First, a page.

Remembering the conductor's exceptional contribution to the recording catalogue
The memorial tributes to Sir Colin Davis, who passed away on Sunday, April 14 at the age of 85, will be many, and no doubt deeply felt. He was, without question, one of the great maestros of our day, known for the warmth and generosity of his personality and the depth and integrity of his music making.
One of the most powerful gifts that any conductor can give us is to turn audiences on to a composer who may not yet have had his justly deserved day in the sun, and in that way, Sir Colin was one of the most powerful. Just as Leonard Bernstein had given us the kind of definitive performances of the music of Mahler that changed musicians’ and audiences’ understanding of the composer’s importance, Sir Colin championed the cause of Berlioz with a fire that burned with passionate commitment and incomparable understanding. The great French Romantic, who struggled so painfully in his own time with neglect and miscomprehension, found in Sir Colin a century later an advocate who utterly transformed how modern listeners understand his works. Sir Colin’s Berlioz became a touchstone that all future musicians can turn to for guidance and inspiration. Similarly, Sir Colin’s interpretations of the music of Sibelius rang with authority and authenticity, more often than not crossing into the realm of revelation.
In the years that I worked at Universal Music, my assignment at Deutsche Grammophon meant that I didn’t work close up with Sir Colin, who recorded for DG’s sister label, Philips. But some of his recordings were, and remain, among my most treasured. Philips’s legendary Berlioz cycle with Sir Colin and the London Symphony will long remain one of the greatest achievements in the history of the recording industry. Though I possess numerous recordings of the Symphonie Fantastique, none satisfies as consistently and deeply as Sir Colin’s. To Sir Colin I owe the greatest thanks for revealing to me the splendours of such other Berlioz masterworks as the Requiem, La damnation de Faust, Roméo et Juliette and Les Troyens.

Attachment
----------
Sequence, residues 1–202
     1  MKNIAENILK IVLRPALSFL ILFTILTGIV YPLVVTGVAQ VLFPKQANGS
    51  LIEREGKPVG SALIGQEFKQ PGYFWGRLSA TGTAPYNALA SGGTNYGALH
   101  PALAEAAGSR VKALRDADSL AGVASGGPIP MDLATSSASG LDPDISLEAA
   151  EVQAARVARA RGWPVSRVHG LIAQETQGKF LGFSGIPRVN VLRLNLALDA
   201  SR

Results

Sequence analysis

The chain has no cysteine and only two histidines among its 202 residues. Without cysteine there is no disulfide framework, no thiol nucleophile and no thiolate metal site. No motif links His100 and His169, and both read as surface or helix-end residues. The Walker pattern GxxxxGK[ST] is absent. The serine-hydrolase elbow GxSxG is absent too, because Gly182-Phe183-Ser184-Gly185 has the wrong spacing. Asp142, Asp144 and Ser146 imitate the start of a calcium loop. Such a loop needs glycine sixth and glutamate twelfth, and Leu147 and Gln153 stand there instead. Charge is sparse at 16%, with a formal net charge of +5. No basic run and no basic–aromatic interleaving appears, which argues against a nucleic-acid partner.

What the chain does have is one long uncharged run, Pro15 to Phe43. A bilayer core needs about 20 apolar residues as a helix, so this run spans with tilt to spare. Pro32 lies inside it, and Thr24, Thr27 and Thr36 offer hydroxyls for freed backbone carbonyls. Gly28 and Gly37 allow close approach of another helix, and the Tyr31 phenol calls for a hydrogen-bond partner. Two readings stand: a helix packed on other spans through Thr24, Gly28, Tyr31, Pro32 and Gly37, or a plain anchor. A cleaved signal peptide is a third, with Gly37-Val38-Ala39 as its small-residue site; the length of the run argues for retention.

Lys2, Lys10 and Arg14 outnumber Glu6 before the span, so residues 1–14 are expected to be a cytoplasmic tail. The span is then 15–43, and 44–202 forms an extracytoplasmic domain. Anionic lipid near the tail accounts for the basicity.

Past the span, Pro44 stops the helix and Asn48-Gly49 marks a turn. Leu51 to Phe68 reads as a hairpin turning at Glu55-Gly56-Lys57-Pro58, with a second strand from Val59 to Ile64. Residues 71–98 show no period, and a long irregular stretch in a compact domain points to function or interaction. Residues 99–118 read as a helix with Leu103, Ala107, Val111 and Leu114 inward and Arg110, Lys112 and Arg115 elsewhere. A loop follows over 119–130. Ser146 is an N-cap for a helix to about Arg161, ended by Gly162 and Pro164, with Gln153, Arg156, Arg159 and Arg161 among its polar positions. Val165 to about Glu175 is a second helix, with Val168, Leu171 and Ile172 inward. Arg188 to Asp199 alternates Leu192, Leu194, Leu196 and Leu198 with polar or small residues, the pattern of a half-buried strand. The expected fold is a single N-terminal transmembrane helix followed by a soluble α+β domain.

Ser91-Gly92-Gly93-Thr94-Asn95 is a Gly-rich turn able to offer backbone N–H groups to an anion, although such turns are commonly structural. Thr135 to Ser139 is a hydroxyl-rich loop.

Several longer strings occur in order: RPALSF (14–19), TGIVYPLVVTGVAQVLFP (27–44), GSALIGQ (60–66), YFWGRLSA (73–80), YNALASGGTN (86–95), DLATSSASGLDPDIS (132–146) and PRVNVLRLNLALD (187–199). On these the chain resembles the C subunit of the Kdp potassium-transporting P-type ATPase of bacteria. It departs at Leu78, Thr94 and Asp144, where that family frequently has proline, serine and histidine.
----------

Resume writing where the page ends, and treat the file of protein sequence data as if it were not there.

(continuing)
Sir Colin’s Sibelius Symphonies cycle with the Boston Symphony is required listening for anyone drawn to the Finnish composer’s music – or not yet drawn to it for that matter! Oh, and what great Mozart he conducted – recordings of his symphonies and operas are a treasure chest of gems.
It was actually Sir Colin Davis’s recordings of the ‘Paris’ and ‘London’ Symphonies with Amsterdam’s Royal Concertgebouw that first introduced me to the wonder and joy of Haydn’s music – I will never hear Symphony No 87 or the Drumroll without thinking of Sir Colin with a smile. More recently, thanks to Spotify, I heard Sir Colin’s Stravinsky ballet recordings with this same orchestra for the first time and was mesmerised by their power, colour and exuberance. I will want to hear them again soon.
Before penning this little tribute I listened to Sir Colin’s luminous recording of Sibelius’s mysterious and deeply spiritual Seventh Symphony with the BSO and it drew tears. Like so much of Sir Colin’s work, the performance has a quiet intensity and expressive clarity that you can only feel grateful to experience. Thank you, Sir Colin, for these and countless other musical memories!